• 0-18dB Bass Boost at 45Hz, 0-12dB Treble Boost at 20kHz
  • 0.05% THD at rated power
  • Damping Factor - Greater than 200 at circuit board, greater than 50 at speaker leads


Now you've read about the ratings and specifications, do you have a choice between the two for powering a single 8" subwoofer? I realize these amps may not be well suited to drive subwoofers, but this is OldSchoolStereo and I'm taking the test back to the old school!! Luckily, I have an early 90's JL Audio 8W1 (4 ohm) which will be the perfect test sub for these amps. In addition to the subwoofer test, I'll also test resistive RMS wattage output from both amps at several ohm loads.

Now, the question I'm sure many of you are asking....did I have a favorite before the tests? Well, I must admit I've tested the Punch 45HD before and knew what to expect from this little "punch". That said, I had high hopes for the 222 SX based on how well the Orion 275 SX fared against the Punch 150HD and Phoenix Gold MS-275. This is a CLASSIC shootout as I expected the results to be very close. I can't go without saying I broke the rule of my YouTube channel saying I wouldn't do "woofer flex" tests. I just couldn't resist seeing how these baby amps pushed the JL 8W1. I also used my Zoom H4 audio recorder for GREAT quality bass without distortion. Just make sure you use your headphones while watching the YouTube video to get the best experience (well, unless you are watching this on your home theater with an 18" powered sub...)

I put the Orion 222 SX on the bench first and connected up the resistor bank, 1000Hz test tone and Velleman HPS50 oscilloscope/true RMS Volt meter. Results are:

Sunday, November 6, 2011

Rockford Fosgate PBR300x1 "Boosted Rail" Amp

Old School Orion 222 SX vs. Rockford Fosgate PBR300x1

As we all know, technology has a way of "shrinking" electronics over time. Have you ever seen an early laptop computer? Or how about a 1st generation iPod? Compared to the latest laptops and iPods, the first generation models are large and clunky.

Transition over to car audio amplifiers. Although this is, I still appreciate technology and have been eager to try out one of the new "mini" amps currently on the market. One which grew particular interest is the Rockford Fosgate PBR300x1. This amp measures a tiny 6-3/4"L x 4-1/4"W x 1-1/2"H, small enough to fit in the tightest automotive locations. Here are the full product specifications:

  • mono subwoofer amplifier
  • 75 watts RMS x 1 at 4 ohms (150 watts RMS x 1 at 2 ohms)
  • 300 watts RMS x 1 at 1 ohm
  • CEA-2006 compliant
  • Boosted Rail amp technology
  • Dynamic Thermal Management cooling system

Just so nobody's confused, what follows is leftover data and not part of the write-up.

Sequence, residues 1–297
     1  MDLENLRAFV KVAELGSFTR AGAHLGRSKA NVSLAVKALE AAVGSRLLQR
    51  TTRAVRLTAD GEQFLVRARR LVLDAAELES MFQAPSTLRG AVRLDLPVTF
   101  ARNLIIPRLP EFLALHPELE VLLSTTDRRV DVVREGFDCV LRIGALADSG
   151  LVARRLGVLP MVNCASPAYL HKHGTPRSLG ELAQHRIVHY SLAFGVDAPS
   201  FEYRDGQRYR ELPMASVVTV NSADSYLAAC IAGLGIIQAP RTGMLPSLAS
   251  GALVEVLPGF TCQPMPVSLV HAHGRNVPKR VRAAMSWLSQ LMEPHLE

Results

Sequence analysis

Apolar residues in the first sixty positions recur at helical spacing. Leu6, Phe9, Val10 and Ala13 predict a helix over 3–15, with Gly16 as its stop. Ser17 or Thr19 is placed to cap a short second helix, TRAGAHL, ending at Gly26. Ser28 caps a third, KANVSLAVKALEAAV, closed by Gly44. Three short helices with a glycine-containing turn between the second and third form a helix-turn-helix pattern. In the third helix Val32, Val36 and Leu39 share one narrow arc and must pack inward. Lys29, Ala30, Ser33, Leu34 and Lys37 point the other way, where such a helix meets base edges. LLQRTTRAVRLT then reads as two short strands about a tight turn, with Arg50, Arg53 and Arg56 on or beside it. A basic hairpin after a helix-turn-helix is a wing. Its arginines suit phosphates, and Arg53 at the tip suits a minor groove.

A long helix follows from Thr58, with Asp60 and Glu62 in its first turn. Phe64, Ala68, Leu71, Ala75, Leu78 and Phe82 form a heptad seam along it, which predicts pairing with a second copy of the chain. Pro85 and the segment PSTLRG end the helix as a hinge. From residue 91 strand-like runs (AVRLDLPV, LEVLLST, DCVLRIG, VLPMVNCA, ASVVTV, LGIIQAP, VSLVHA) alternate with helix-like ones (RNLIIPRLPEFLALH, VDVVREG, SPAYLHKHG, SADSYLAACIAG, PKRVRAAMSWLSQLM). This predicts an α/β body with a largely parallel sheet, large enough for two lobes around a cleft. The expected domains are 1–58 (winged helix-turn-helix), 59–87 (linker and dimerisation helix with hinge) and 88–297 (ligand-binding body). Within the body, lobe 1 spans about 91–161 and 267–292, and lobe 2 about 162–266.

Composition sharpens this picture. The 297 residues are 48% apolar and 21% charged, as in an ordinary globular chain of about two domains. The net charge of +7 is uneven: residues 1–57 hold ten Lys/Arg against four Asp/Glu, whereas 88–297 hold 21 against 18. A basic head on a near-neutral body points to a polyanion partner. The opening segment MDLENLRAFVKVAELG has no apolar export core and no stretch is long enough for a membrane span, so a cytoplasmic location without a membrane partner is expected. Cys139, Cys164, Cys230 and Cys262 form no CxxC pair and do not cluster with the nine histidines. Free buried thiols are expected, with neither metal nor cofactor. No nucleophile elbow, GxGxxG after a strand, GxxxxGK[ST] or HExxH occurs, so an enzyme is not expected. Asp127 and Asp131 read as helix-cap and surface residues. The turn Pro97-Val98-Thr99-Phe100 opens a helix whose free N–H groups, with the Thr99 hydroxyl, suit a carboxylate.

• variable low-pass filter (35-250 Hz, 12 dB/octave)
  • differential-balanced inputs eliminate noise from your vehicle's electrical system
  • preamp and speaker-level inputs
  • optional wired remote bass boost (0-18 dB at 45 Hz)
  • 10-gauge power and ground leads and a 30-amp fuse recommended — wiring and hardware not included with amplifier
  • no onboard fuses — when installing multiple amps in a system, an additional 30-amp in-line fuse between the distribution block and the amplifier is recommended
  • 6-15/16"W x 1-9/16"H x 4-5/16"D

  • Something I noticed immediately after opening the box was the inclusion of molex-style connectors for the amp. Am I missing something here or are we going back to the early 1990's? I couldn't help to think of the 1991 Punch 30HD which uses similar connectors. See pictures below for all of the connections, plus a size comparison to the 30 watt Punch 30HD.

    PBR300x1 connections including crossover, gain, hi/low input and Remote Punch EQ

    PBR300x1 Speaker output and Power connections

    2011 PBR300x1 vs 1991 Punch 30HD - 300 watts vs. 30 watts!

    Ok, so an amp almost small enough to fit in your pocket can deliver 300 watts? Well, according to the birthsheet included with my PBR300x1, it will actually do 315 watts RMS at 1 ohm (14.4v)! Impressive numbers from such a small amp, but how does it sound powering subwoofers?

    Well, you can see (and hear) first hand by watching my video below. I auditioned the PBR300x1 on my test bench with subwoofers including; 8" JL Audio 8W1, 10" Kicker Solobaric S10c and 12" JL Audio 12W6v2 D4. The results were impressive, to say the least. I'm really looking forward to getting the amp in my daily driver for a true test of this little beast and how it performs in the harsh automotive environment.

    Stay tuned for an upcoming power output test of this amp. Make sure to SUBSCRIBE to my YouTube Channel to stay notified of my latest video uploads.

    See the mystery "unboxing" of these Old School Gems below:

    Video in 720p HD

    or embedded below:



    Thursday, November 3, 2011

    Recent Arrivals to the Labs

    I've recently done several unboxings on my YouTube channel. I'll have more articles and tests in the near future, but for now, enjoy the videos!